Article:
I have been busy playing with produce. I found a recipe for bread and butter pickles that my niece and oldest nephew liked. The youngest one at least tried the pickles. He is not yet a pickle fan. But we are working on him. So I have been making pickles and canning them. Sunday, I processed 9 pint jars of bread and butter pickles with more pickles that will be processed this coming weekend. I cure my pickles first before processing them. I will probably end up with 18 pints of pickles which should hopefully be enough to give me a few jars with the rest going to the kids. My niece, the oldest nephew and my brother all liked the pickles so they can fight over who gets the rest.

Nine jars of bread & butter pickles

Nine jars of bread & butter pickles

I personally love dilled green beans which are really pickled green beans. I found a recipe in the Ball canning cookbook that said it made 6 pints. I bought the exact weight of green beans the recipe called for and I still ended up with 9 pints. I have to wait at least two weeks before I find out if my dilled green beans taste as good as the ones I have purchased up in the Amish markets in Lancaster. If they are, I will be making more come fall.

Nine jars of dilled green beans

Nine jars of dilled green beans

Jam making will commence once the weather cools down. I have enough blackberries in the freezer for two batch of jam based on my recipe that I will be using. I am picking berries still and will hopefully get enough frozen to make three batches of blackberry jam. I have a certain friend who adores blackberries in any way shape or form she can get them. I will also be freezing blackberries to eat over the winter in yogurt. I still need to go and pick blueberries for jam making and general freezing too.

For anyone interested in canning, I would like to recommend two websites to check out. While I am am generally an experimental cook, when it comes to canning, I take it more serious. You are messing more on the chemistry side so I stick to recipes that I know are safe. My mom always used the Ball canning book and thanks to Priscilla, I have the newest edition that is super thick. I have also been talking to the University of Maryland extension agent here in the county and she told me that they reference the University of Georgia’s book from their Extension Office. Both sites have recipes and hints for canning and preserving. And yes, nutrition is one of the areas I am looking at for going back to school for another degree. Right now, I am still in the research stage though.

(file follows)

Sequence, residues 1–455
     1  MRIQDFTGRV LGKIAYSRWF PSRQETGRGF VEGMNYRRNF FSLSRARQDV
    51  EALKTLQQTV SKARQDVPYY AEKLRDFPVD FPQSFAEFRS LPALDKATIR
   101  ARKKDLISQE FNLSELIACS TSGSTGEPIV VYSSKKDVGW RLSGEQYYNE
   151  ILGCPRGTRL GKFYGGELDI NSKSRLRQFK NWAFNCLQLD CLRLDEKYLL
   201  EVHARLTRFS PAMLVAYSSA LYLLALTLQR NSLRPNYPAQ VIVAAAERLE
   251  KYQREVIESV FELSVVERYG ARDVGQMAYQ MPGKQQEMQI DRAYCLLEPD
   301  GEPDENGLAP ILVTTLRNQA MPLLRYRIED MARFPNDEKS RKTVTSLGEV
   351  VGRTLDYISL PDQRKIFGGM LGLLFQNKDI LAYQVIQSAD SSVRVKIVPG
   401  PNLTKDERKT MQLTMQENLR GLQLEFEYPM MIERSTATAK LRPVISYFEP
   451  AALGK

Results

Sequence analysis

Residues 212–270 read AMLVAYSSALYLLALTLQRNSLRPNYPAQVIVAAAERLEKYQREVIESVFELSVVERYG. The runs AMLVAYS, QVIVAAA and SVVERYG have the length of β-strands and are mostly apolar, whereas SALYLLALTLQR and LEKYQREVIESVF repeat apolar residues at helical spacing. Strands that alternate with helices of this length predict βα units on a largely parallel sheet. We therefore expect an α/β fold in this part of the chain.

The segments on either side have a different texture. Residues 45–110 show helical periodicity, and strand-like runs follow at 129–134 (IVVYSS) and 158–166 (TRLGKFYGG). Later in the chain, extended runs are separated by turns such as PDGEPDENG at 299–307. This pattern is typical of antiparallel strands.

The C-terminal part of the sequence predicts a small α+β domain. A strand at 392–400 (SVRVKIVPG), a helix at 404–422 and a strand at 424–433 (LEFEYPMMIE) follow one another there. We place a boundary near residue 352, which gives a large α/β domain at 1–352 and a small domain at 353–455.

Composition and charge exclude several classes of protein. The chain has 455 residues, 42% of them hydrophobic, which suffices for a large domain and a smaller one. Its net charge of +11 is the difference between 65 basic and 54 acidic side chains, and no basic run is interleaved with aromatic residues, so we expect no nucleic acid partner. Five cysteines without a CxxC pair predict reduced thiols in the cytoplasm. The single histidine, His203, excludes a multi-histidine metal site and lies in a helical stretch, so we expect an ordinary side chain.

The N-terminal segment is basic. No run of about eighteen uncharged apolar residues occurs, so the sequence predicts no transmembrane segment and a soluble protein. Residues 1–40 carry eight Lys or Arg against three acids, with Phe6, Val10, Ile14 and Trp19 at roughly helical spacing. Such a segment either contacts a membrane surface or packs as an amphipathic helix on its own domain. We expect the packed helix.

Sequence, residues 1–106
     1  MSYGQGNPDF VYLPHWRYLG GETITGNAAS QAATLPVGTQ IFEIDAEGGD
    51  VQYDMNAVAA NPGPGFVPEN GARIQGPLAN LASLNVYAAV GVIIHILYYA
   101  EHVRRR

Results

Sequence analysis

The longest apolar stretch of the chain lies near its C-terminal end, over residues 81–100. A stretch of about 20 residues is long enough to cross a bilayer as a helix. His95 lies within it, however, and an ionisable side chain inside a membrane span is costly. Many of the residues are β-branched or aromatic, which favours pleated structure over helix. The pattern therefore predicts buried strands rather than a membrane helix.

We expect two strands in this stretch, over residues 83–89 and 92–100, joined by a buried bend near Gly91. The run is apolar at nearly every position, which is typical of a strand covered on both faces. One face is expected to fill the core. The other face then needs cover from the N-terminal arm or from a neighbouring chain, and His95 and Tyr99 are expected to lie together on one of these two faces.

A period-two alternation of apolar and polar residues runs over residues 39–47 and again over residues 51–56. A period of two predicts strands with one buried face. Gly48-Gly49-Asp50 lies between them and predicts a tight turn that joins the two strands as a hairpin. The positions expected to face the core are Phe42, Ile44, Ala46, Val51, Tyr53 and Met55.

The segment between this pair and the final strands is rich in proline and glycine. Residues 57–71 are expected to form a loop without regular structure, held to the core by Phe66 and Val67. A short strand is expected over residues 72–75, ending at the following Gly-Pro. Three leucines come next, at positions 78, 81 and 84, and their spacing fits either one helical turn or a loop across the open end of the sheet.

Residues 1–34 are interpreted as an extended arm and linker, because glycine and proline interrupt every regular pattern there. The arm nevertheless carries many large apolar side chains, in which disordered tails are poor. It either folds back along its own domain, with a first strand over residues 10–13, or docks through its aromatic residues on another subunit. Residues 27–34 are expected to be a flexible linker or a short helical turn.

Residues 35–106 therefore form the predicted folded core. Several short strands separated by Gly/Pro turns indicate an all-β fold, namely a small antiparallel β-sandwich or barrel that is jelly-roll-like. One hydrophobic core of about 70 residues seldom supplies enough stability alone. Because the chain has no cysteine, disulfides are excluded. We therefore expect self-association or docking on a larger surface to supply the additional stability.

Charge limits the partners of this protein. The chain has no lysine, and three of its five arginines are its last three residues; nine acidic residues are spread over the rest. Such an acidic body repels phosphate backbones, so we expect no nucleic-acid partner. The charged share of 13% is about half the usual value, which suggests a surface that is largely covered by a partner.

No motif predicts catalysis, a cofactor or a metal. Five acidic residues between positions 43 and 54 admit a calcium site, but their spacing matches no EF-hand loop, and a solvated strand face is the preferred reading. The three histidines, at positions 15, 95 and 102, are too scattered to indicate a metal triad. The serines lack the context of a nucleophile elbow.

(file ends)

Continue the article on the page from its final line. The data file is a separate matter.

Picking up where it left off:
Filed under garden

5 responses to “Canning

  1. That is just utterly insane I tell you. I am very impressed.

  2. You’ve been busy! I remember helping my grandma can when I was little — she had a separate canning kitchen down in the basement, and I loved seeing all the gorgeous jars of veggies and jams on the shelves.

  3. beth

    so was the greenbean recipe in the old ball canning book? I have put up 21 quarts of greenbeans this year and have enough do seven more but i’d love to try something different.

  4. Oh yum! Some of my fondest childhood memories are of working in the kitchen with my grandma when canning season arrived. I miss her bread and butter pickles.

    It’s posts like these that make me wish I were back in Canada. There is just no room for this sort of thing over here in Taiwan. 😦

  5. Brenda

    I LOVE dilly beans! I want to can some this year, as I have done every year in the past, but I can’t find my recipe! It’s the one from the Blue Ball book.

    I found your blog through a google search on dilly beans. Would you mind either posting your recipe or emailing it to me? I have beans piled up, waiting for pickling.


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